(RxWiki News) Everyone has heard a southern belle exclaim, “I NEED MY BEAUTY SLEEP”.
Well, apparently, she wasn’t just whistlin’ Dixie.
Emmanuel Mignot, MD, PhD and his Stanford colleagues studied levels of hormones known to regulate appetite and energy expenditures, by taking blood samples immediately after the participants woke from their sleep.
When studying the sleep duration, Body Mass Index (BMI ) and pre-breakfast hormone levels of 1,024 participants, they found that people who sleep less than 8 hours, have a BMI which is inversely proportional to their sleep duration.
In other words, the heavier they were, the less they slept.
"If you are trying to lose weight, get a good night’s sleep."
Short sleep was also associated with low leptin levels and high ghrelin levels. Ghrelin is a hormone which is believed to stimulate food intake.
Leptin is a hormone responsible for fat metabolism. This hormonal difference probably increases a sleepy person’s appetite, which could be responsible for the increased BMI.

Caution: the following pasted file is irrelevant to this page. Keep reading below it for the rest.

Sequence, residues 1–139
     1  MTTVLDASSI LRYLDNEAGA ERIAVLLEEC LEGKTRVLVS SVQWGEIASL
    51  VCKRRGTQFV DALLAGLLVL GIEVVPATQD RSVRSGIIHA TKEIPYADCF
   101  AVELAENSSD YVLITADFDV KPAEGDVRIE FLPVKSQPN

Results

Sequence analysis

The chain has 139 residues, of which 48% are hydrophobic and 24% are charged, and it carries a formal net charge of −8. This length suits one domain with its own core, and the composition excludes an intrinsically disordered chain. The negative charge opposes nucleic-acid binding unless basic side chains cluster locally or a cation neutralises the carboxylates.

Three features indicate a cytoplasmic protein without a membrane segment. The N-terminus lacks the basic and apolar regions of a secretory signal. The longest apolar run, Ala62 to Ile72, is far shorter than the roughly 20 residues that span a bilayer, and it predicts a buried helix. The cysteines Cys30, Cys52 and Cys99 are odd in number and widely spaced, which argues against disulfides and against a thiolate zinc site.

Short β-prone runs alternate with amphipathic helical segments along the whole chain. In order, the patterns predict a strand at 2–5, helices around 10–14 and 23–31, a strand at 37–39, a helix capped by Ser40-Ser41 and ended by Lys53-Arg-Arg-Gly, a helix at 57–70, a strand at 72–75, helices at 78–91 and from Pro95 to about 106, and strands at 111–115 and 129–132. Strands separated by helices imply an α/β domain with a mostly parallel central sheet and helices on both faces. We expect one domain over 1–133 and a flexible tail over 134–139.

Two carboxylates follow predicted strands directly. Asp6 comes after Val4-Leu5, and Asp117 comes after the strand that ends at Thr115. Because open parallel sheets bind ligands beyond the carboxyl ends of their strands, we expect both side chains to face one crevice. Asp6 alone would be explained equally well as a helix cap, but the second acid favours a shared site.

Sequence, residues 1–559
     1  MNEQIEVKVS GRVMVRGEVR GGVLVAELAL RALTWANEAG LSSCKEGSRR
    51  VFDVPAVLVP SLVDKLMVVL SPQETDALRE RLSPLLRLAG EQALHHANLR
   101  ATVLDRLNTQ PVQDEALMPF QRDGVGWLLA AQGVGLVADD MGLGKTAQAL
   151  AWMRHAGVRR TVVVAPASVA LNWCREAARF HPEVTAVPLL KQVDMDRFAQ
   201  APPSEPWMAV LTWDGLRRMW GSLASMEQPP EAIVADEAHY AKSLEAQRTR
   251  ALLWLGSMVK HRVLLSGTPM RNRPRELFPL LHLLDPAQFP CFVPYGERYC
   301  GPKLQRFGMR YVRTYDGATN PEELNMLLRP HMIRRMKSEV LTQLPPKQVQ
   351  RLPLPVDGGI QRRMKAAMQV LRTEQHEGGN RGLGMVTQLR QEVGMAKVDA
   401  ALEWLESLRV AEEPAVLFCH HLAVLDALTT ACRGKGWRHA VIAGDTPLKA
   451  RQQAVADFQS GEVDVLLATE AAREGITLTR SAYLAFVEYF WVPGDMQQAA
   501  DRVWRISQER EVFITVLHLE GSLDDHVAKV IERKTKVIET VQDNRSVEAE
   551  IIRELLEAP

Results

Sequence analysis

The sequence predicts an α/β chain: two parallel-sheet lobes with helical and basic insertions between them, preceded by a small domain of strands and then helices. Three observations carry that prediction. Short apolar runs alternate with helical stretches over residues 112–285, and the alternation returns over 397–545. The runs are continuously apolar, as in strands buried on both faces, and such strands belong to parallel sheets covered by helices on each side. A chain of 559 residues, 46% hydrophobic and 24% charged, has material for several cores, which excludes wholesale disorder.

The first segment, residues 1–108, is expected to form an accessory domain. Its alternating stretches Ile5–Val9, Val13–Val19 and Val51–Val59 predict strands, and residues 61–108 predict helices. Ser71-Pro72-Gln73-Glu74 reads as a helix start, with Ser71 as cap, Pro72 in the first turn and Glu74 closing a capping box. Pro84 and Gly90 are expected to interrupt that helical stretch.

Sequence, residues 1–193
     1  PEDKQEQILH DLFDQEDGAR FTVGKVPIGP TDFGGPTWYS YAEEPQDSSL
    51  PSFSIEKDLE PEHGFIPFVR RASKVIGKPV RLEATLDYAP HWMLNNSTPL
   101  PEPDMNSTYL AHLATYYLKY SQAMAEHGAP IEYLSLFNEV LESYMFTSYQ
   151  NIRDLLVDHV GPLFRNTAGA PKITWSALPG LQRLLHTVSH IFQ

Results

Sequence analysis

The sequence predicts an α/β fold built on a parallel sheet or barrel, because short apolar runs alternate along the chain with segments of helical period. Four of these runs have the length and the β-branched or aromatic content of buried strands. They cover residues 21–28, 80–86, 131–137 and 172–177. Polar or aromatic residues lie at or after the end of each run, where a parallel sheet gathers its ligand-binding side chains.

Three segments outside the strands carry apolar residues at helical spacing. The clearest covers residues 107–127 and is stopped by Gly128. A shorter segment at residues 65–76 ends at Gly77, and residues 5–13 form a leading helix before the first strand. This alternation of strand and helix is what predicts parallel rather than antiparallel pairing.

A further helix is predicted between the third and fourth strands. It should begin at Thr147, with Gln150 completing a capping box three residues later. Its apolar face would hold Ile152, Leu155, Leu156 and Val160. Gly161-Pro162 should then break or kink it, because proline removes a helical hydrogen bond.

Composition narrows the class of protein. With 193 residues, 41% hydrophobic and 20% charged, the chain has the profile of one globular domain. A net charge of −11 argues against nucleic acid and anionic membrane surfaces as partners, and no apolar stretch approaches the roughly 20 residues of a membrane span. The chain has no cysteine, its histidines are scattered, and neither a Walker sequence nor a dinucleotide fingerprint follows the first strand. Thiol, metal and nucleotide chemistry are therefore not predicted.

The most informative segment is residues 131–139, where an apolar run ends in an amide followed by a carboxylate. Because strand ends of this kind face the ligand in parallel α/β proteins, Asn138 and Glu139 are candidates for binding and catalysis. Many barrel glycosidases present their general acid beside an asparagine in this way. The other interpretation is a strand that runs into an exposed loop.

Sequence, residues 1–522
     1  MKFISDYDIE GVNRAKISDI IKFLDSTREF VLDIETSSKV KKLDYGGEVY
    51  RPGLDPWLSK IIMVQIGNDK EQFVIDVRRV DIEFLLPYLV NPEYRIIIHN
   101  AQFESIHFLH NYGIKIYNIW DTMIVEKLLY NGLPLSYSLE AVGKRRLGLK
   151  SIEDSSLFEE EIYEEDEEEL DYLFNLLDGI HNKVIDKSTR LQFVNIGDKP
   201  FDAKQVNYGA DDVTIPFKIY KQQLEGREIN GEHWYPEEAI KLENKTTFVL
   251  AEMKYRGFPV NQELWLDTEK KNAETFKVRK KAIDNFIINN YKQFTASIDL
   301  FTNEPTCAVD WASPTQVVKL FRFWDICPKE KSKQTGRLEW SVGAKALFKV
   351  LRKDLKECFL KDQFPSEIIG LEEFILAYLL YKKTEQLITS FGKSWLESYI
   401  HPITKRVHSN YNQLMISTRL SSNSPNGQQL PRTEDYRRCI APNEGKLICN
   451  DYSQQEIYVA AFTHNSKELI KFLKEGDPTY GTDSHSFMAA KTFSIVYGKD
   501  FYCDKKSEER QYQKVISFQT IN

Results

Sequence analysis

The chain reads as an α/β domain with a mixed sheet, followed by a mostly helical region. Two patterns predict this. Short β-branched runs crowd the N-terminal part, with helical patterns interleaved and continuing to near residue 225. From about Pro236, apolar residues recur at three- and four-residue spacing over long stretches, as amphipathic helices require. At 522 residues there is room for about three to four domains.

Mignot and his colleagues referred to the Wisconsin Sleep Cohort Study.
This study began in 1989 and conducts mail surveys every five years on sleep, health habits, health, and demographics. Those surveyed are age 30-60.
From those surveyed, the researchers selected some of the respondents to participate in a sleep in the laboratory study. Some participants also kept a diary of the sleeping pattern for six days.
This study already linked sleep apnea and hypertension with menopause and sleep-disordered breathing.
Mignot's team was able to build on that original finding to find BMI has a directly inverse proportion to sleep duration.
In their next study, Mignot and colleagues plan to test forcing people who are not sleeping at least 8 hours a day and measure the effects on body mass.
Good sleep along with healthy eating habits, and regular exercise probably have important roles in fighting obesity.